When Wemyss Malts name a whisky, they are not hiding behind any marketing BS. They tell it like it is. One of the three staple releases of the blenders’ core range is the Spice King, and here we were able to sample the second batch strength release of that blend. The whisky is comprised of single malts from a series of undisclosed locations, which have been picked for their oaky and spicy characters, and then finished together in sherry hogshead casks. The final batch has then been limited to 9000 bottles and is presented without chill-filtration at 58.0% ABV. A full size (70cl) bottle will look to set you back £46.95 (RRP) and with such a name to live up to, when being released time and time again, have the blenders got it right…?
It is sweet and fiery in equal measure, like a fiery ginger cake. So sweet and coating in fact that the 58% is totally hidden and doesn’t sting the nostrils at all – Sex Panther it is not. Speaking of Anchorman though, this does have those classic, sophisticated whisky tasting notes of many leather-bound books and rich mahogany, making it more Ron Burgundy than Brian Fantana.
Yep, its a Jamaican ginger cake for sure. Ginger spice, cakey sweetness and a flash of sweet oranges and raisin juiciness. A touch of wood smoke starts to appear here too as time does its thing but then BOOM! Then comes the oak! Lots of it.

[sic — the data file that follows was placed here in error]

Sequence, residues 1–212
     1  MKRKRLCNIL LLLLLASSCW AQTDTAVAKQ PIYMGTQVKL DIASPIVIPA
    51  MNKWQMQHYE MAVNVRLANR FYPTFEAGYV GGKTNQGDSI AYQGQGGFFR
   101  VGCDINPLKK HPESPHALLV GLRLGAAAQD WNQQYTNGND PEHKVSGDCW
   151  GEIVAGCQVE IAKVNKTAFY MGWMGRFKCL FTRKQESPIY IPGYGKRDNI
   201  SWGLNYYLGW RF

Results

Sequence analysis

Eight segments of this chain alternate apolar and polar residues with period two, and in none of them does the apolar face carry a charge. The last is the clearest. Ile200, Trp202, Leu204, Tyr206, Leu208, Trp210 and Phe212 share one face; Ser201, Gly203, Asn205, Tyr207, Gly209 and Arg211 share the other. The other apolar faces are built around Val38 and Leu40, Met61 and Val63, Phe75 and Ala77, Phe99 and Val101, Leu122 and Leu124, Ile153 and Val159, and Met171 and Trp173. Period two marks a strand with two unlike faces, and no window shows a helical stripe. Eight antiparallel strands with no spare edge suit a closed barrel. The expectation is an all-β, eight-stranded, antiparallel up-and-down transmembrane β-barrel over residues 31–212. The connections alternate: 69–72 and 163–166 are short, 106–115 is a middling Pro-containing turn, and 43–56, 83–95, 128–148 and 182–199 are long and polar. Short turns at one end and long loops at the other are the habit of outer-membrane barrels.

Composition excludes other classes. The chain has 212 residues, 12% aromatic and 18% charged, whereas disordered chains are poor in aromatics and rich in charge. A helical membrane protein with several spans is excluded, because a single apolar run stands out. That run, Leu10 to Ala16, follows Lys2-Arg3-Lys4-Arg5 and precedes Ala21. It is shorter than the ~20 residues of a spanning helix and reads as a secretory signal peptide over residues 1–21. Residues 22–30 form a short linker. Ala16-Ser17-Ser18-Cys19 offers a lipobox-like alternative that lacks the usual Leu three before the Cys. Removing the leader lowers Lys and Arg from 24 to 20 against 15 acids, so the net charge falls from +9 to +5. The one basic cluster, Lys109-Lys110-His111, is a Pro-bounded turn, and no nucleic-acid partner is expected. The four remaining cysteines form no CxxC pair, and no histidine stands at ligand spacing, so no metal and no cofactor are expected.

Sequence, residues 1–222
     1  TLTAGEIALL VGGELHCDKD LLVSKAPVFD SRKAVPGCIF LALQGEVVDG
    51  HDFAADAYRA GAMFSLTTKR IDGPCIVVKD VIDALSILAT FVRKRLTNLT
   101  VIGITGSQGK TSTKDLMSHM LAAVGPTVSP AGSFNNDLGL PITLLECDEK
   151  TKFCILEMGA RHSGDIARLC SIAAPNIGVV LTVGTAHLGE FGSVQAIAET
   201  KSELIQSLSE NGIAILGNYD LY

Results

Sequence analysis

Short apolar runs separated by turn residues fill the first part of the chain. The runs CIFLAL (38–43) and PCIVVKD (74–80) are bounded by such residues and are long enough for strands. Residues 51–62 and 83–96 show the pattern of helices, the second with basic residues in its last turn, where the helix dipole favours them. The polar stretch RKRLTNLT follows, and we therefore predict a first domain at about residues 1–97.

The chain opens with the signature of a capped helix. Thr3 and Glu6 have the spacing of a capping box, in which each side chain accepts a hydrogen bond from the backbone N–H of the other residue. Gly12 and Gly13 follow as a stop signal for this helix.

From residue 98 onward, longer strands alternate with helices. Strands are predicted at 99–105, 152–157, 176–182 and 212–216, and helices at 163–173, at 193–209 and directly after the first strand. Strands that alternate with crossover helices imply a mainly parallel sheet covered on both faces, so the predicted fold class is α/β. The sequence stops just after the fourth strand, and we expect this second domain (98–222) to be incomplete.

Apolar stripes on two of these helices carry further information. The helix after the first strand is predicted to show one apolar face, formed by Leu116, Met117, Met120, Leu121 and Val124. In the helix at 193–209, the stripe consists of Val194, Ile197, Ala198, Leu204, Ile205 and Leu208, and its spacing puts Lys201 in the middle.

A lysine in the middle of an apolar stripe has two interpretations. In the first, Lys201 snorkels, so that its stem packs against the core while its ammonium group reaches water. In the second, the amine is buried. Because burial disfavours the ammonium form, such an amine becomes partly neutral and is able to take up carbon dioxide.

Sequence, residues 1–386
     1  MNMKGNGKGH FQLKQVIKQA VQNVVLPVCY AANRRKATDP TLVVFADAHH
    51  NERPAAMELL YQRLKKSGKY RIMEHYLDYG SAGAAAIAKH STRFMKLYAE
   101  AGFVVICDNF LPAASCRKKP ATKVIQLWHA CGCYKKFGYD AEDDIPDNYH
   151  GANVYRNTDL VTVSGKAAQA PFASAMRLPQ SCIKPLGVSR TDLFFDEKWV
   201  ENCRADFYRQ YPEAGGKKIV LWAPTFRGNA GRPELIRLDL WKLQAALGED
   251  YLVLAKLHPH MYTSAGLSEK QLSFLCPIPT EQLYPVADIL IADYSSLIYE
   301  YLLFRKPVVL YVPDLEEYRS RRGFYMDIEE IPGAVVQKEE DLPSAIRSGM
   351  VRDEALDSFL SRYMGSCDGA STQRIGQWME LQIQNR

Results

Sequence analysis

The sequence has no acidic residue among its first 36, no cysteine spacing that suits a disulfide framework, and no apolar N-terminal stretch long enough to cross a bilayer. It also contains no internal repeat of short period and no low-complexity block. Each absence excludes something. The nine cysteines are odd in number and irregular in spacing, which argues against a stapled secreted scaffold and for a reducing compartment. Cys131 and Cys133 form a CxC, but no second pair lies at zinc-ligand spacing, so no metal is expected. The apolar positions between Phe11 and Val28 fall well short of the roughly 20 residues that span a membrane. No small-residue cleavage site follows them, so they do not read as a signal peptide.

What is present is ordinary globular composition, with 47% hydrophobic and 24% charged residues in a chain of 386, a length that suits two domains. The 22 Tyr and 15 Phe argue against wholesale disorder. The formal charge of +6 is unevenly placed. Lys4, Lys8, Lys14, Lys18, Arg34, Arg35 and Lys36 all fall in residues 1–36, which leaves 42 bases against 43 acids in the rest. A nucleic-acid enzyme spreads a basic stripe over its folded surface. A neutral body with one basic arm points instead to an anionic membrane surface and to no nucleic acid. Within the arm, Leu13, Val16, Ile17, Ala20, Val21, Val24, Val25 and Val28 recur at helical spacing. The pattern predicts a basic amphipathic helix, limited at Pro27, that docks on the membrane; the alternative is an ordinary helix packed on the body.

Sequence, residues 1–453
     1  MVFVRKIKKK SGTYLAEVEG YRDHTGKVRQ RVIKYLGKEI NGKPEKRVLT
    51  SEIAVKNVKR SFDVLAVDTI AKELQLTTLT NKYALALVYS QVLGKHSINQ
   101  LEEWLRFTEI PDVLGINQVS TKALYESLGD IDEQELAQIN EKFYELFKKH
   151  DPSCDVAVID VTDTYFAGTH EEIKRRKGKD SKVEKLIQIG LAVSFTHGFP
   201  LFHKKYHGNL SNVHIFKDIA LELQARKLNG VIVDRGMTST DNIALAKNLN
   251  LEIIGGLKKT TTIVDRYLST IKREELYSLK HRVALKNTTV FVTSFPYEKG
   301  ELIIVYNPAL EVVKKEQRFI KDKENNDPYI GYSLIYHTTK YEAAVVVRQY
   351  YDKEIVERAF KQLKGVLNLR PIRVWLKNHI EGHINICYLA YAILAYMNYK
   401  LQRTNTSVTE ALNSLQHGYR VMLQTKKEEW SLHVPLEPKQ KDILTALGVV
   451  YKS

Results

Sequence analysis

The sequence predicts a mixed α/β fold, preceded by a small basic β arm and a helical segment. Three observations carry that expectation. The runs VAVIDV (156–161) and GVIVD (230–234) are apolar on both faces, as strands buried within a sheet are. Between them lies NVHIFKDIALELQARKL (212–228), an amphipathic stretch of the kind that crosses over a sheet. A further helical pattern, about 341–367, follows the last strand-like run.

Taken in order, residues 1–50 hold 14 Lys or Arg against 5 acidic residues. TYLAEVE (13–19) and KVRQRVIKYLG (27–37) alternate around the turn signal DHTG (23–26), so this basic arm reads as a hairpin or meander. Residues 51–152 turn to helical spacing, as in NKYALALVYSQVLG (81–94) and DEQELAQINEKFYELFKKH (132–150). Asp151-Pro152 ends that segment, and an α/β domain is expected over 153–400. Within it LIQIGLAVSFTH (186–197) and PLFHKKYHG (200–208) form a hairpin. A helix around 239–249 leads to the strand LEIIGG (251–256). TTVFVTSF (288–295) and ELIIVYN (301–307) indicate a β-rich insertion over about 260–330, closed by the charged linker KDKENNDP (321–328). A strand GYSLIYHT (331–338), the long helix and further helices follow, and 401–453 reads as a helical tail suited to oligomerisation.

The pure booze only really makes itself known on the finish, but its still quite muted for something over 50%. That said, it is still damn peppery and spicy on the finish. I guess their naming convention is on point! That raisin note from the start starts to re-appear afterwards and leaves a genuine mouth-watering sensation. A bit of an astringent, boot polish kind of note lingering on the tongue afterwards.
With so many flavours going on you’d ordinarily be looking for a phrase such as balanced or rounded in a whisky review. Not here. What we have here is something that is imbalanced. Purposely so however. As the name suggests, the spice is king here. The fruity flavours are delicious but then the oaky spice takes over just as you get to enjoy them and carries on through to the finale. Being honest, the oaky spice is not the feature that I would solely go for in a whisky and it usually acts as a pleasant supporting character in a whisky profile ensemble. If spice is what you are after however then bring your cape and sceptre because the king is in the court.
Sample disclosure: This sample was received as part of a Tweet Tasting event to promote the release of ‘Batch Strength No.2’ releases of the Wemyss Malts core range, and the launch of their new cask club, with “Smoky Nectar“. Despite the promotional sample, all notes here are intended as a fair, honest and independent review of the whisky,
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